[0036] Ideally, each strand of each amplicon molecule binds a primer at one end and serves as a template for a subsequent round of synthesis. The rate of generation of primer extension products, or amplicons, is thus generally exponential, theoretically doubling during each cycle. The amplicons include both plus (+) and minus (−) strands, which hybridize to one another to form double strands. To differentiate typical PCR from special variations described herein, typical PCR is referred to as “symmetric” PCR. Symmetric PCR thus results in an exponential increase of one or more double-stranded amplicon molecules, and both strands of each amplicon accumulate in equal amounts during each round of replication. The efficiency of exponential amplification via symmetric PCR eventually declines, and the rate of amplicon accumulation slows down and stops. Kinetic analysis of symmetric PCR reveals that reactions are composed of: a) an undetected amplification phase (initial cycles) during which both strands of the target sequence increase exponentially, but the amount of the product thus far accumulated is below the detectable level for the particular method of detection in use; b) a detected amplification phase (additional cycles) during which both strands of the target sequence continue to increase in parallel and the amount of the product is detectable; c) a plateau phase (terminal cycles) during which synthesis of both strands of the amplicon gradually stops and the amount of product no longer increases. Symmetric reactions slow down and stop because the increasing concentrations of complementary amplicon strands hybridize to each other (reanneal), and this out-competes the ability of the separate primers to hybridize to their respective target strands. Typically reactions are run long enough to guarantee accumulation of a detectable amount of product, without regard to the exact number of cycles needed to accomplish that purpose.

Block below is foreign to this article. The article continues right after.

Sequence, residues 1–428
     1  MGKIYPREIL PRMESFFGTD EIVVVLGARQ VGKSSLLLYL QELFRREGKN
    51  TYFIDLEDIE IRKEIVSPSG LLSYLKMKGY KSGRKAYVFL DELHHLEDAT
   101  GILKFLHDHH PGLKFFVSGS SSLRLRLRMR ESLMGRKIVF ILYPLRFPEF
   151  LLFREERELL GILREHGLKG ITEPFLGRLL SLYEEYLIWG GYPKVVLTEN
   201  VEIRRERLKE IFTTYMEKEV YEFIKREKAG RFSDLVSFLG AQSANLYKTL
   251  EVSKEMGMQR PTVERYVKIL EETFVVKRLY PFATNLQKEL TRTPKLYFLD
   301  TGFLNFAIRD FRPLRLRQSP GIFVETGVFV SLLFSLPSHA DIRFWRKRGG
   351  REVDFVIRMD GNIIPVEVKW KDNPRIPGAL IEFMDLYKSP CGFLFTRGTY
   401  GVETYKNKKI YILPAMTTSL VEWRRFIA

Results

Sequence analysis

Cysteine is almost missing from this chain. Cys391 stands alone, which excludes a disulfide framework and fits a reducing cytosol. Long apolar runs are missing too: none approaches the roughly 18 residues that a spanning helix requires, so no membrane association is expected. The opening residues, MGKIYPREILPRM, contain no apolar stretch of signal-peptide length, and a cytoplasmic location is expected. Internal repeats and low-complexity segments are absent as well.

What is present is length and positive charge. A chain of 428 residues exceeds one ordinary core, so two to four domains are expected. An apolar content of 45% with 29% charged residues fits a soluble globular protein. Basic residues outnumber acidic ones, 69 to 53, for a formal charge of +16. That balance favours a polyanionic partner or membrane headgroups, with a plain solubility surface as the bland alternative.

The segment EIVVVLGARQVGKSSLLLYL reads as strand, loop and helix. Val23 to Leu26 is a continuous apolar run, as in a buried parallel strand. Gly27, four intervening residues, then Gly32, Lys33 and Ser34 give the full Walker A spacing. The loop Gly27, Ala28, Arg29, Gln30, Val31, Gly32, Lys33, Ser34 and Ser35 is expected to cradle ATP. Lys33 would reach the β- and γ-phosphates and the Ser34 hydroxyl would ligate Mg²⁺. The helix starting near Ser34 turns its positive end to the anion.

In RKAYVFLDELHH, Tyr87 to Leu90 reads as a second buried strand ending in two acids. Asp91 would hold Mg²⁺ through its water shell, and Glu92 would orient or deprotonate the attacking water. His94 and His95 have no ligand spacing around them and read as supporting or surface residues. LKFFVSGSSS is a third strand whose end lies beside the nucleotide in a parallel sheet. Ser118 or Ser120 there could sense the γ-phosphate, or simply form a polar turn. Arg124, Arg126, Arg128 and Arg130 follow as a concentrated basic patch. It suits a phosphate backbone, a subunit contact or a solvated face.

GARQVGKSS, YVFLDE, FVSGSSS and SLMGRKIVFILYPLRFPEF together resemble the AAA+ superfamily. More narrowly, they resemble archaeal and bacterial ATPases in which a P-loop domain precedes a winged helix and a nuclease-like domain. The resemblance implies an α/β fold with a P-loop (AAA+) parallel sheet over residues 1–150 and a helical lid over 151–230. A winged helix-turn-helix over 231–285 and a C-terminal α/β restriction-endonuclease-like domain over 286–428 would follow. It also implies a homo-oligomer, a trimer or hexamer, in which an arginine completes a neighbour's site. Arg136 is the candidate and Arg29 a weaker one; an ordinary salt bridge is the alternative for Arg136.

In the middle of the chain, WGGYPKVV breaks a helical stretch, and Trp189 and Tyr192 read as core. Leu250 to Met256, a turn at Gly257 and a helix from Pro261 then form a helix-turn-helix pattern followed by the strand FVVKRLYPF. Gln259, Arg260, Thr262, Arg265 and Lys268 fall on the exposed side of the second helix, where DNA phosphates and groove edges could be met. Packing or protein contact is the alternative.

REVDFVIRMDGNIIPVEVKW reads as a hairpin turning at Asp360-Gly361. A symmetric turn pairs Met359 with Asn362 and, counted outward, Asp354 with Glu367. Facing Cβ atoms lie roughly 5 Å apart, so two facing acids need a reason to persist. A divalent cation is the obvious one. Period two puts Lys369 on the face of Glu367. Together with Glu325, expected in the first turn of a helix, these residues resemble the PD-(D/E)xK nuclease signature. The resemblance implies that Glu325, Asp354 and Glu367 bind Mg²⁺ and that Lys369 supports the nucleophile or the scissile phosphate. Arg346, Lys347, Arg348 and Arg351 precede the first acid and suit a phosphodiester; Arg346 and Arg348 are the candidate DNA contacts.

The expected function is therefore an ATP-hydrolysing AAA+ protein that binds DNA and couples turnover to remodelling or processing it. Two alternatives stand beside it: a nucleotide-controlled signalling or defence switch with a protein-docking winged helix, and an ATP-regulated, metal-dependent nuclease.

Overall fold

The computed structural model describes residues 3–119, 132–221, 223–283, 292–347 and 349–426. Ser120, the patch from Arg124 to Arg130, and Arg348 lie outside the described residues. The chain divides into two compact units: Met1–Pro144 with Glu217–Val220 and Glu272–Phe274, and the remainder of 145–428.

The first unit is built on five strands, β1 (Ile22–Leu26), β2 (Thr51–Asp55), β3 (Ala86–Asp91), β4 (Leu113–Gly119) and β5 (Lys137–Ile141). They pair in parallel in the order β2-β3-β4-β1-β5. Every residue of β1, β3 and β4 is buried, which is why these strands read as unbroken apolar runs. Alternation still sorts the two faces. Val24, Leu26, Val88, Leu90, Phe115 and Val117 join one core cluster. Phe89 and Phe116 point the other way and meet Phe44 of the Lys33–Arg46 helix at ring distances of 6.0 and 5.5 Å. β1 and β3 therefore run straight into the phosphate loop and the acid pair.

[0037] A technique that has found limited use for making single-stranded DNA directly in a PCR reaction is “asymmetric PCR.” Gyllensten and Erlich, “Generation of Single-Stranded DNA by the polymerase chain reaction and its application to direct sequencing of the HLA-DQA Locus,” Proc. Natl. Acad. Sci. (USA) 85: 7652 7656 (1988); Gyllensten, U. B. and Erlich, H. A. (1991) “Methods for generating single stranded DNA by the polymerase chain reaction” U.S. Pat. No. 5,066,584, Nov. 19, 1991; all of which are herein incorporated by reference. Asymmetric PCR differs from symmetric PCR in that one of the primers is added in limiting amount, typically 1/100th to ⅕th of the concentration of the other primer. Double-stranded amplicon accumulates during the early temperature cycles, as in symmetric PCR, but one primer is depleted, typically after 15-25 PCR cycles, depending on the number of starting templates. Linear amplification of one strand takes place during subsequent cycles utilizing the undepleted primer. Primers used in asymmetric PCR reactions reported in the literature, including the Gyllensten patent, are often the same primers known for use in symmetric PCR. Poddar (Poddar, S. (2000) “Symmetric vs. Asymmetric PCR and Molecular Beacon Probe in the Detection of a Target Gene of Adenovirus,” Mol. Cell Probes 14: 25 32 compared symmetric and asymmetric PCR for amplifying an adenovirus substrate by an end-point assay that included 40 thermal cycles. He reported that a primers ratio of 50:1 was optimal and that asymmetric PCR assays had better sensitivity that, however, dropped significantly for dilute substrate solutions that presumably contained lower numbers of target molecules. In some embodiments, asymmetric PCR is used with embodiments of the assays described herein.